I am trying outsmart these tragic systems designed in hell knows when. I managed to nail this last year, but this year Lufthansa seems to killed it. Allow me to explain.

I have to get pretty much all across the world from Lithuania to New Zealand. Last year I managed to book this in one lump via Lufthansa with 1 week layover in Singapore and months later with a week long layover in Tokyo (both legs stopping in Frankfurt).

This year I am trying to replicate something similar but stop in Malaysia, Bangkok or Singapore, but looks like Lufthansa site claims The selected route cannot be booked online or is not served by Lufthansa. Although booking flight straight from Vilnius to Auckland works (but obviously I do not want 33hr long journey with no break).

Booking thru Thai Airways site could almost work, but then they do not even recognise Vilnius as a city. Booking from Air New Zealand does not allow to start your multi-part journey from Europe. Epic fail.

I have tried using these awful, awful world-the-globe pages from both alliances which seem to be broken (would never complete the journey). Sites like Skyscanner or Kayak suggest flying via Russia (lol).

Is there a site that I am missing, perhaps some more advanced alliance search tool? Please help me tackle this problem. I do not want to pay thousands of dollars for what is worth around €1.5k.

Edit: David asked for more information why I think that sites are awful. Well, first of all, none of them allow to search actual multipart flights. One World round the world tool only lets you fly one direction (literally round the world! haha, you get it guys!). Star Alliance doesn't even work without Flash player. In year 2015, trillion dollar business is using web technology that is decade old (the rest looks like its build on IBM's WebSphere, so theres another few hundred million of expenditures).

Star alliance is not working without Flash One World alliance only take bookings one way

  • 2
    Can you see the flights you are looking for on matrix.itasoftware.com (using the multi-city option to set up the stopovers as you like)? If yes, you can go through a travel agent or look up questions on this site on how to book flights found on ITA Matrix. If no, it's possible that the fares available for the regular journey do not allow stopovers and therefore that the trip you envision really is worth more than €1.5k.
    – Relaxed
    Commented Sep 21, 2015 at 8:57
  • Alternatively, both Skyscanner and Kayak also have a “multi-city” option that should allow you to forgo Russia and specify your route exactly. Not sure they will find the flights and fares you are hoping for but you should at least be able to book whatever stopover you like.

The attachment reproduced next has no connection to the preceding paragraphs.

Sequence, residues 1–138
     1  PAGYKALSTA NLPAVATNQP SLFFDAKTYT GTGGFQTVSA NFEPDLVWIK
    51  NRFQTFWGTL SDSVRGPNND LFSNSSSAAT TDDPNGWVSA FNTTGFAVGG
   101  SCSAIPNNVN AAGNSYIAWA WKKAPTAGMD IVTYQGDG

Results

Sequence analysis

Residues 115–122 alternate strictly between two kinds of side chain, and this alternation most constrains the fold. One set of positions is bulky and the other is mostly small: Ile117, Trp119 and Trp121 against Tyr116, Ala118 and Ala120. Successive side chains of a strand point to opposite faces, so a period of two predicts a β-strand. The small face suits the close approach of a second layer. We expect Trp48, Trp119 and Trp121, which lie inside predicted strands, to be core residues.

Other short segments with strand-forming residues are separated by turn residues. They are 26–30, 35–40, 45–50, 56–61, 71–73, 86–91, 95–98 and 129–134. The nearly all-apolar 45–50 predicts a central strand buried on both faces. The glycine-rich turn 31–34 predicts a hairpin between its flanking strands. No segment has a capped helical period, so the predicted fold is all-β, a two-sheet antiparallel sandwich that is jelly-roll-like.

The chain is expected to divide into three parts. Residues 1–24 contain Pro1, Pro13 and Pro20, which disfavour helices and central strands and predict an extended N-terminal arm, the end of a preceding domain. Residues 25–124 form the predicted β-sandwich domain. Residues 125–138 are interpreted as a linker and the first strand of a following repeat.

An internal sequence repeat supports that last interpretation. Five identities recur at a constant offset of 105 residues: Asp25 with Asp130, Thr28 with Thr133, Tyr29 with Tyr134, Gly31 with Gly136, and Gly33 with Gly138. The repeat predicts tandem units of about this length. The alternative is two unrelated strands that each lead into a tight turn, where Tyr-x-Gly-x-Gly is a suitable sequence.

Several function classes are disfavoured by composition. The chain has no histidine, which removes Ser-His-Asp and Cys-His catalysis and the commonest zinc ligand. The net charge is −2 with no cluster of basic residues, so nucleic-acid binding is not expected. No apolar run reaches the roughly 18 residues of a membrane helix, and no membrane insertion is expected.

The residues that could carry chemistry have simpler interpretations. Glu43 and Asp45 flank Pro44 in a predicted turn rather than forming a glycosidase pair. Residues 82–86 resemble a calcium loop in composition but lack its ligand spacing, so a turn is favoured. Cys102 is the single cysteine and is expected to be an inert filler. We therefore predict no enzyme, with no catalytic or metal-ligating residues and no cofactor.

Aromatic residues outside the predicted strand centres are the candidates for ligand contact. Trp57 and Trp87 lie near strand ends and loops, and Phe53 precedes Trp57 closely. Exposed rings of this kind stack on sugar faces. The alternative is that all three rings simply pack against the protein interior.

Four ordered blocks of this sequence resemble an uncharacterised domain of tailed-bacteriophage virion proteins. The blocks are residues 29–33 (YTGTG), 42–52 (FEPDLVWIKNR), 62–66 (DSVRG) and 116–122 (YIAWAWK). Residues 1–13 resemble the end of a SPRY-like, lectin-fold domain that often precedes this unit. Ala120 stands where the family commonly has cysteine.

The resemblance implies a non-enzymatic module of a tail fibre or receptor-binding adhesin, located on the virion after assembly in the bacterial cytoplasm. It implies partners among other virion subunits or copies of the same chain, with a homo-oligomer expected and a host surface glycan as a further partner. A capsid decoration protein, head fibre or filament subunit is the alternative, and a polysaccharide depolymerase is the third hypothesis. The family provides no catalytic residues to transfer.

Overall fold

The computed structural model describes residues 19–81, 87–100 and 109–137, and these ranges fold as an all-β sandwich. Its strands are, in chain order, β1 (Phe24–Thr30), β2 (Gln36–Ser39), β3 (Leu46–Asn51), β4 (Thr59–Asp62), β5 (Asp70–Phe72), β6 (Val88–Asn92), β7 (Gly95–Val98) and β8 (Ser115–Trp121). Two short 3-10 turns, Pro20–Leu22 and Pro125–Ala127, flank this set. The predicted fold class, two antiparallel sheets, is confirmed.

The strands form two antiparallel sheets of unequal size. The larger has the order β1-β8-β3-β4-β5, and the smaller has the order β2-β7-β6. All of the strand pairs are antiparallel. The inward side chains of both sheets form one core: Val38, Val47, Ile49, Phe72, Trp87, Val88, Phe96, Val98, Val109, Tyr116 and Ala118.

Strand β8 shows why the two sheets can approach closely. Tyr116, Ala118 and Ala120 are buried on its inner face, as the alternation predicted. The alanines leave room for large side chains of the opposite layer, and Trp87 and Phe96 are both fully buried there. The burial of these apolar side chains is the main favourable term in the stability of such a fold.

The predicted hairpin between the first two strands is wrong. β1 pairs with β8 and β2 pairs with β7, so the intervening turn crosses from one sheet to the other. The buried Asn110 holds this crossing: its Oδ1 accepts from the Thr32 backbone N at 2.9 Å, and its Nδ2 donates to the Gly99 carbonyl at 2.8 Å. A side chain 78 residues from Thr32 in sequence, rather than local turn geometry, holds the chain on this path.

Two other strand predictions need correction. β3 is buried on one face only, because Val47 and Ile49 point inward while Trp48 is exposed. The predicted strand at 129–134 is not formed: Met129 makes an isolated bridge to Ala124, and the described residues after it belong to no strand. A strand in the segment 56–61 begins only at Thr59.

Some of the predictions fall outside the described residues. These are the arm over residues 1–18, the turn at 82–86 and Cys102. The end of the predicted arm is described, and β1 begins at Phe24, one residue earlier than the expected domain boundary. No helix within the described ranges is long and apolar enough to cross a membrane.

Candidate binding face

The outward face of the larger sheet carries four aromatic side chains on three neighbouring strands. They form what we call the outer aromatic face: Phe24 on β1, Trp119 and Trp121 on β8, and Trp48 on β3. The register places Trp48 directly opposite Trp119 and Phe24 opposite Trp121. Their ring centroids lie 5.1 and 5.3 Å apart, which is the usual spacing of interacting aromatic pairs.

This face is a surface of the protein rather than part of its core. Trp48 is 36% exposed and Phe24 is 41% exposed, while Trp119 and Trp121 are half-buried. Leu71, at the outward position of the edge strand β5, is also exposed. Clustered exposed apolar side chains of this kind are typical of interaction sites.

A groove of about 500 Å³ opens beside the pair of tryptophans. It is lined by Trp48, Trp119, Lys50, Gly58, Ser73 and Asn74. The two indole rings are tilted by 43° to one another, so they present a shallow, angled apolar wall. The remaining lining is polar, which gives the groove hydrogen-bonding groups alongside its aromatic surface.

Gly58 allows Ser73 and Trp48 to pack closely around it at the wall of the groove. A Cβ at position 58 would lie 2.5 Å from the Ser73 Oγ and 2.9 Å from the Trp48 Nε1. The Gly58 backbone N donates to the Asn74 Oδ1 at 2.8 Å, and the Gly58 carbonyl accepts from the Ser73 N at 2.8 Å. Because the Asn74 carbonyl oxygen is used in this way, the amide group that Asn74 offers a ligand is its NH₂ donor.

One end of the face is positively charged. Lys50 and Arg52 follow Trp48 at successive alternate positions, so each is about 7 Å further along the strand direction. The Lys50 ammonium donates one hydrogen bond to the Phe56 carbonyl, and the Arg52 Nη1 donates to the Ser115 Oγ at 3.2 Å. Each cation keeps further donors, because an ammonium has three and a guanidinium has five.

– Relaxed
    Commented Sep 21, 2015 at 8:58
  • 3
    Most of this seems to be a rant against what you perceive to be the inadequacies of various airlines' web interfaces. "Why are these websites so awful?" is not an answerable question. Please edit your question to be specific and answerable. Commented Sep 21, 2015 at 9:01
  • 3
    See e.g. travel.stackexchange.com/questions/2952/… for the basics on fare buckets, travel.stackexchange.com/questions/11501/… for a more technical explanation and travel.stackexchange.com/questions/26780/… for some pointers on how to search/book complex flights.
    – Relaxed
    Commented Sep 21, 2015 at 9:42
  • 1
    Your second image looks like a Round The World fare error AND most Round The World fares have the same restriction, you have to go forward from one stop to the next, you can not backtrack inside a zone.
    – user13044
    Commented Sep 21, 2015 at 10:07

1 Answer 1


I am not entirely sure what your question is, but I think the answer is that you need to use an arsenal of tools, particularly http://matrix.itasoftware.com (but note that no tool is comprehensive due to the enormous complexity of multi city journeys). I have found Google Flights of some use as well, and ExpertFlyer ($100 / year) is essential for me to evaluate fare routing rules and booking code override tables, which the Matrix doesn't reveal. You also need to acquire some "feeling" or I should say, proper understanding, of how fares actually work

If you are a oneworld fan, AA.com is quite good at booking code shares and prime codes on their partners (I am sitting on a BA-numbered flight booked on AA 001-numbered ticket stock right now, just waiting to depart Bergen!). Delta.com used to be good for intra-European sectors on Air France / KLM because you could get an identical itinerary (even with no Delta flights) minus the American Express fee. I would presume therefore it can handle multiparty journeys at least between Europe and the Americas.

Once I have an itinerary I am happy with on the Matrix, if I cannot set it up myself on BA.com or AA.com, I usually call BA and ask them to ticket it by phone, or I'll print it out and drop it on the ticket desk next time I'm at an airport. (Actually, I also have a contact at BA who will setup itineraries for me by email, but I am not willing to share who he is publicly.) But my point is that to do anything complicated, you need to talk to a person.

The websites of every carrier (and travel agent) are extremely restricted in what they will sell you.

http://RTW.oneworld.com does actually work quite well provided you know the rules on the oneworld explorer fare (which is an enormous topic).

Please note that round the world fares continue to be priced by hand by dedicated back office staff and therefore, with the exception of the special alliance tools (which only provide an estimate) you will not see RTW fares on booking sites. I am aware Amadeus is looking to bring full auto pricing to RTW fares very shortly.

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